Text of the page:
A common and welcome sight in street stalls all over Singapore, kueh tutu is one of Singapore’s most beloved inventions (and is also known as putu piring). This sweet dumpling traditionally has in its decadent centre either a combination of ground peanuts and brown sugar or a combination of shredded coconut and red sugar. More contemporary versions of kueh tutu even have chocolate chips at their core for an added kick of sweetness.
Around the sweet centre is rice flour or glutinous flour, which is packed tight into a scalloped mould and steamed quickly at a high temperature. The dumpling is then placed on a fragrant pandan leaf and served.
Another popular local snack, kueh lapis (lapis = layer), is a traditional cake that comes in two versions: a layered cake that’s made by painstakingly baking thin layer upon thin layer of spiced cake, and a steamed version which is more gelatinous and colourful. The latter is known as kueh lapis Nonya because of its Peranakan influence.
Popular Peranakan desserts include kueh salat Nonya, also known as Puteri Salat (puteri means princess in Malay!): a steamed custard-like cake with a layer of pandan-coconut kaya on one half, and a layer of glutinous rice on the other half - widely recognised for its distinctive green and white colours.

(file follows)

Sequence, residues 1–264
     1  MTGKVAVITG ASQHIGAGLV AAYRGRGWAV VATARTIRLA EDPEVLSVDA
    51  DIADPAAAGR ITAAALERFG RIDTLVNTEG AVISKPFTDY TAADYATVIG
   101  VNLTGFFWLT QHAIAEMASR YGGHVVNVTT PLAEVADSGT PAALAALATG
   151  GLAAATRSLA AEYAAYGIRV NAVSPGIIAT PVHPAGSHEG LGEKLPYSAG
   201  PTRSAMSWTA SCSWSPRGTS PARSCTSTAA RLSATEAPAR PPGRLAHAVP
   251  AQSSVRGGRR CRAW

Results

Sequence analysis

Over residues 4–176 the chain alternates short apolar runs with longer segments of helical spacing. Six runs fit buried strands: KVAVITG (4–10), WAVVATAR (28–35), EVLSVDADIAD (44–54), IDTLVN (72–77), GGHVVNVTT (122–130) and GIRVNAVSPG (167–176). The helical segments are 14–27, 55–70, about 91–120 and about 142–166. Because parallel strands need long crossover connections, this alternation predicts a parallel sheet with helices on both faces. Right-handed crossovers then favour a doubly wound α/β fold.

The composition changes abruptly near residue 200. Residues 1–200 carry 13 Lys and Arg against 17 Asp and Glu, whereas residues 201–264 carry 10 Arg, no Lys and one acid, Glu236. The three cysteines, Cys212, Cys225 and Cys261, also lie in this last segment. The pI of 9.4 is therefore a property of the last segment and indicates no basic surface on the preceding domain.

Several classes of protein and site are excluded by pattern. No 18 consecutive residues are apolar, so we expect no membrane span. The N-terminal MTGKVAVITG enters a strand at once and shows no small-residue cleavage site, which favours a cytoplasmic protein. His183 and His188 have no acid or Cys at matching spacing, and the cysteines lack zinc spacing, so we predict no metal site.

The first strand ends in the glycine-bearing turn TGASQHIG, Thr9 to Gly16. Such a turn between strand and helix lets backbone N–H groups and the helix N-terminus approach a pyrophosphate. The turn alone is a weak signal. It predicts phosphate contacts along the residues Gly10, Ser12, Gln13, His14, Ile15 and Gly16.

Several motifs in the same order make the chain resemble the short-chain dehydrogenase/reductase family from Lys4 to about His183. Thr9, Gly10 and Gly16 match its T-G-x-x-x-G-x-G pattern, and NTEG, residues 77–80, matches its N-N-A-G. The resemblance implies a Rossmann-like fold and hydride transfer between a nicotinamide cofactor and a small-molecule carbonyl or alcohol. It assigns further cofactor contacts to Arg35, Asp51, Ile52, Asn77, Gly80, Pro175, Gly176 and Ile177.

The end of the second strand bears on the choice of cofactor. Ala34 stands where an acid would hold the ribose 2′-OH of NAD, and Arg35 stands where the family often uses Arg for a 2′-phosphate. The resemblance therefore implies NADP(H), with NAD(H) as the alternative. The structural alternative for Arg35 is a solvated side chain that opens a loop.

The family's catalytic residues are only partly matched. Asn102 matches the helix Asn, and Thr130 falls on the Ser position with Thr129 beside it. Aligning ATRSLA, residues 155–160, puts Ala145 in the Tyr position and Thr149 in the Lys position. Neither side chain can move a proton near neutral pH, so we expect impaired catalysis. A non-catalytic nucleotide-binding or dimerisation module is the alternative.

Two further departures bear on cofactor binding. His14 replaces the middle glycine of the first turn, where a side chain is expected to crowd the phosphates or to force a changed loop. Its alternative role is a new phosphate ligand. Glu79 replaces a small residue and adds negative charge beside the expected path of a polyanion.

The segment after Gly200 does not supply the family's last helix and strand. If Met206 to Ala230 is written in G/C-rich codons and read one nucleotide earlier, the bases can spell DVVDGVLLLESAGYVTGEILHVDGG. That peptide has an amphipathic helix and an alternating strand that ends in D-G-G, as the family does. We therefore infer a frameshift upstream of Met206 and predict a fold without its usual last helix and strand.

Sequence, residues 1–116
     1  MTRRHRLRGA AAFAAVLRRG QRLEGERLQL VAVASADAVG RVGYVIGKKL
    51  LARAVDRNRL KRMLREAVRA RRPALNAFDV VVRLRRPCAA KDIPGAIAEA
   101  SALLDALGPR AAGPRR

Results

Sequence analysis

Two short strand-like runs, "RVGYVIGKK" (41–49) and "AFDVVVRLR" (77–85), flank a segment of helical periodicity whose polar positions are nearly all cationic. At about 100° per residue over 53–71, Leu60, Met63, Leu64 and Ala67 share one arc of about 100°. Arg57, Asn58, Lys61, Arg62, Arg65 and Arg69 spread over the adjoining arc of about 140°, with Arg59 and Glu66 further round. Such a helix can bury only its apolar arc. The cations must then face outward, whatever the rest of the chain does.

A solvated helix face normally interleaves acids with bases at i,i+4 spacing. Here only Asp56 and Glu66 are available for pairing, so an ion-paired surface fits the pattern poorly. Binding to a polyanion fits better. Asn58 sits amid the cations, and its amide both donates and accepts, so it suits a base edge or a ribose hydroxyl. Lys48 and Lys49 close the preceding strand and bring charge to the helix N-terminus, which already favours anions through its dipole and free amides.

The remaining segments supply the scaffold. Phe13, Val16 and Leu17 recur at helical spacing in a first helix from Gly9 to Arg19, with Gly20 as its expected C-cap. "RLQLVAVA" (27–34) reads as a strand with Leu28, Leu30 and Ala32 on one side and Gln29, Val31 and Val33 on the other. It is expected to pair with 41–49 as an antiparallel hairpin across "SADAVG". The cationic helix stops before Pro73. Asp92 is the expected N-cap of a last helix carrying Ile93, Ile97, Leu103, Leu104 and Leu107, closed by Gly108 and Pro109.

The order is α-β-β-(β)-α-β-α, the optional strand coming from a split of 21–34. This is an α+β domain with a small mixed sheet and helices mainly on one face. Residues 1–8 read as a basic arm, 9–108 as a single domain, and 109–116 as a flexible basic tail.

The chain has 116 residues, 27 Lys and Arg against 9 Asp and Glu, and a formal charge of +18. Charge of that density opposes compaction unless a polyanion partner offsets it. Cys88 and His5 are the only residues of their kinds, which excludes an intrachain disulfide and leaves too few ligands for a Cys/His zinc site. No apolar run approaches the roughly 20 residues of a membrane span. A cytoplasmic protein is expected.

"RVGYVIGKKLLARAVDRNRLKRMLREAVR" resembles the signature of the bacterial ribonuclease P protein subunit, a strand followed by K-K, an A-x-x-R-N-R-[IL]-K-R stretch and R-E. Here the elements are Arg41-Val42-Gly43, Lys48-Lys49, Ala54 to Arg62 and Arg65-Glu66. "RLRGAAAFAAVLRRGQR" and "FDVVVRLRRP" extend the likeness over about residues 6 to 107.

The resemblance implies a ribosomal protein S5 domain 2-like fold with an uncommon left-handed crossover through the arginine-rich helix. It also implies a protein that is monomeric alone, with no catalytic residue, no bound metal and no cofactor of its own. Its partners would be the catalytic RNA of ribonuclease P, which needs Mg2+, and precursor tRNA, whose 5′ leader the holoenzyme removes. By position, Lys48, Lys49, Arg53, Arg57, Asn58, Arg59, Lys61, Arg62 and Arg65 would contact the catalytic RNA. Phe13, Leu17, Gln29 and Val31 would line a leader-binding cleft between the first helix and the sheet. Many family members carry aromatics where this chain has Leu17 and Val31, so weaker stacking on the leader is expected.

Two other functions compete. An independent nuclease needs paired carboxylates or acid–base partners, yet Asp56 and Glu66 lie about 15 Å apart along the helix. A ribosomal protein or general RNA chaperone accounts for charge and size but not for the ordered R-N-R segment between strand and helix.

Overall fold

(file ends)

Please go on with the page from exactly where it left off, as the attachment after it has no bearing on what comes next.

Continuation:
Pandan is an essential ingredient in cuisine of the Southeast Asian region, and its leaves are used in flavouring pandan cake. Pandan chiffon cakes are immediately recognisable by their green colour and are immensely popular among the locals. Pandan kaya kueh is a slight variation, which includes layers of pandan kaya (an egg-based spread made with pandan leaves and coconut milk) sandwiched between sponge layers.
Another dish which features pandan is ondeh-ondeh, one of the most addictive types of kueh you’ll encounter: little balls of pleasure filled with pandan juice and coconut, rolled with rice flour and tossed in grated coconut.
Then there are 'love letters', known locally as sapit, a crisp, baked cylindrical kueh. They're nicknamed so due to the fact that they look like rolled-up letters. These light, crispy treats are usually sold in large tins and are made using flour, coconut milk, eggs and sugar.
These are just a few varieties of the many types of kueh you’ll encounter on the island: eating is one of the most interesting things to do in Singapore, and discovering the varieties of treats only adds to that excitement. Look for patisserie chains like SweetSpot to satisfy your dessert cravings, or head to a street market to grab some freshly-made kueh!